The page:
The Meta-Analysis of Observational Studies in Epidemiology (MOOSE)  statement was followed in conceiving, conducting, and reporting the study, and the methodology of the meta-analysis was in accordance with the recommendations of the Cochrane’s Handbook  guideline. This meta-analysis was registered at INPLASY (International Platform of Registered Systematic Review and Meta-Analysis Protocols) with the registration number of INPLASY202250110.
2.1. Literature Retrieval
Studies fitting to the aim of the meta-analysis were retrieved by electronic database search of PubMed, Embase, and Web of Science from the inception of the databases to May 11, 2022. A combined search term was used, which is shown in Supplementary Materials. Filters of human studies, full-length articles, and publication in English were applied in the database search. As a supplementation, we manually checked the citations of the relevant original and reviewed articles for possible studies of interest.
2.2. Study Selection
The PICOS criteria were used for study inclusion.
P (patients) denotes adult patient with NSCLC receiving ICIs, including PD-1/PD-L1 inhibitors, CTLA4 inhibitors, or their combination. No restriction was applied to the pathological types of NSCLC (squamous cell carcinoma, adenocarcinoma, or other types of NSCLC).
I (exposure) denotes patients with concomitant use of statins as evidenced by the medical charts or other medical records with no restrictions to the category, dosages, or durations of statin use.
C (control) denotes patients without concomitant use of statins which were also evidenced by the medical charts or other medical records.
O (outcomes) denotes progression-free survival (PFS) and/or overall survival (OS) between users and nonusers of statins, reported as relative risk. We defined OS as the time elapsed from treatment and to the date of death from any cause and PFS as the interval between initiation of the treatment and the first recurrence or progression event.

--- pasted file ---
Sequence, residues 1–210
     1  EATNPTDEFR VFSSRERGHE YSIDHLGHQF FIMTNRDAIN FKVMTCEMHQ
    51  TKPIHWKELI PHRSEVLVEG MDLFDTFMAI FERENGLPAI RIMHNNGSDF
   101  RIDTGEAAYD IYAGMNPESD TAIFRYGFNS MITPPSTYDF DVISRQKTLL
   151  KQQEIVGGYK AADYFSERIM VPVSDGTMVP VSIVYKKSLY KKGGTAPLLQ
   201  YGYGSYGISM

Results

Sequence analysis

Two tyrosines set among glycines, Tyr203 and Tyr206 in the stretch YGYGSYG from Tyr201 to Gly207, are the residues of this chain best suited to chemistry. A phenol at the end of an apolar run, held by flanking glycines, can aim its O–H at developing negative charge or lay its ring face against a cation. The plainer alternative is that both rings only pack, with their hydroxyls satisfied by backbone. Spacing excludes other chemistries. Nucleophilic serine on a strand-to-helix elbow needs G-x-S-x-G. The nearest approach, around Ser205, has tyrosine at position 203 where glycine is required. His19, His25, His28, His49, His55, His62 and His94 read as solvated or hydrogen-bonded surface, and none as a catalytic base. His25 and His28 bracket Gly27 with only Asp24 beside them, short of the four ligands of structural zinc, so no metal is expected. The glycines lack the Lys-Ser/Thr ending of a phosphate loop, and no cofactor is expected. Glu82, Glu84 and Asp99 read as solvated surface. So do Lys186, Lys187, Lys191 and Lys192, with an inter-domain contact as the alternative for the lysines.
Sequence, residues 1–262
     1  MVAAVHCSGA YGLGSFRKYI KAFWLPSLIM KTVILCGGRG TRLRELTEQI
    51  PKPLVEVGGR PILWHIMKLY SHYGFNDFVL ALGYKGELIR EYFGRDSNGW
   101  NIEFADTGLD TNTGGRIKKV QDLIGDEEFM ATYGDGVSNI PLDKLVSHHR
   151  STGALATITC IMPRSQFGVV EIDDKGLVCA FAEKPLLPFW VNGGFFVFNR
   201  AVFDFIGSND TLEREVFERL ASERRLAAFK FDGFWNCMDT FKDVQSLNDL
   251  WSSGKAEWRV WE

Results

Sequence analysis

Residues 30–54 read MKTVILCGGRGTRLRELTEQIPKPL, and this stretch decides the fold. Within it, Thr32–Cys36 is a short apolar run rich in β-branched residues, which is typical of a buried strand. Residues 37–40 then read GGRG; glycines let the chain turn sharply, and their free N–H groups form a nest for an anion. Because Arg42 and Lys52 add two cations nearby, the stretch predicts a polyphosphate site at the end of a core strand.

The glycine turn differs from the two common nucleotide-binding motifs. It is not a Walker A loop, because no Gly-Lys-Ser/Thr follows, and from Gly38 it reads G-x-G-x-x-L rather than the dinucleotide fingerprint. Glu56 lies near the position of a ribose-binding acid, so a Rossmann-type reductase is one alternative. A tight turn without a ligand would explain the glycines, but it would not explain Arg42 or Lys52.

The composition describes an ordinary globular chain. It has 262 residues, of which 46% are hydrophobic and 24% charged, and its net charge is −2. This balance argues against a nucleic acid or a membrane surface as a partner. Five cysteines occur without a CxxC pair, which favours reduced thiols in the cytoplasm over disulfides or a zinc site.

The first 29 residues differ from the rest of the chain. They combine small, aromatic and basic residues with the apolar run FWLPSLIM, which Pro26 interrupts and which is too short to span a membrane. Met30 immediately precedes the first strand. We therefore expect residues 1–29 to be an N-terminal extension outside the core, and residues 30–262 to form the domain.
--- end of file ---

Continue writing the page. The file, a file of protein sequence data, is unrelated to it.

S (study design) denotes cohort studies published as full-length articles.
Reviews, preclinical studies, studies with non-NSCLC patients, studies with no treatment of ICIs, or studies that did not report the outcomes of interest were removed. Moreover, grey literature studies such as conferences, abstracts, or unpublished data were also not considered. These materials were generally not peer-reviewed, and inclusion of these data into the meta-analysis may confound the results.
2.3. Data Collection and Quality Assessment
Two independent authors conducted literature search and analysis, data collection, and study quality assessment separately. If discrepancies were encountered, the corresponding author joined the discussion for final judgement. Data of study information, patient demographic factors, types of ICIs, definition of concurrent statin application, outcomes reported, and analytic methods were collected. Study quality assessment was achieved via the Newcastle–Ottawa Scale , with scoring regarding the criteria for participant selection, comparability of the groups, and the validity of the outcomes. The scale ranged between 1 and 9 stars, with the larger number of stars presenting higher study quality.
2.4. Statistical Analyses
The main objective was to determine the influence of concomitant statin on survival of patients with NSCLC on treatment of ICIs, which was presented with hazard ratios (HRs) as well as their confidence intervals (CIs). Using the 95% CIs or values, data of RRs and the standard errors (SEs) could be calculated, and a subsequent logarithmical transformation was conducted to keep stabilized variance and normalized distribution . Between-study heterogeneity was estimated with Cochrane’s Q test and the I2 statistic , with I2 > 50% reflecting the significant heterogeneity. A random-effect model was applied to combine the results by incorporating the influence of heterogeneity . We observed the influence of each study on the overall results by performing sensitivity analyses, which omitted one study at a time . Subgroup analyses were also performed to explore the different analytic model of the study on the outcome. By construction of the funnel plots, the publication bias was estimated based on the visual judgement of the symmetry of the plots, supplemented with Egger’s regression asymmetry test . The RevMan (Version 5.1; Cochrane Collaboration, Oxford, UK) software package was applied for these analyses.
3.1. Studies Obtained
Figure 1 shows the process of literature analysis. In short, the initial search of the databases retrieved 722 studies after removing the duplicated records. Then, an additional of 694 articles were excluded since the contents of titles and abstracts indicated they were not relevant to the meta-analysis, which made a total of 28 studies for a full-text review. Finally, after excluding 20 studies through full-text review, eight cohort studies [15, 23–29] were included. Reasons for removing the 19 studies are also presented in Figure 1.
3.2. Characteristics of the Included Studies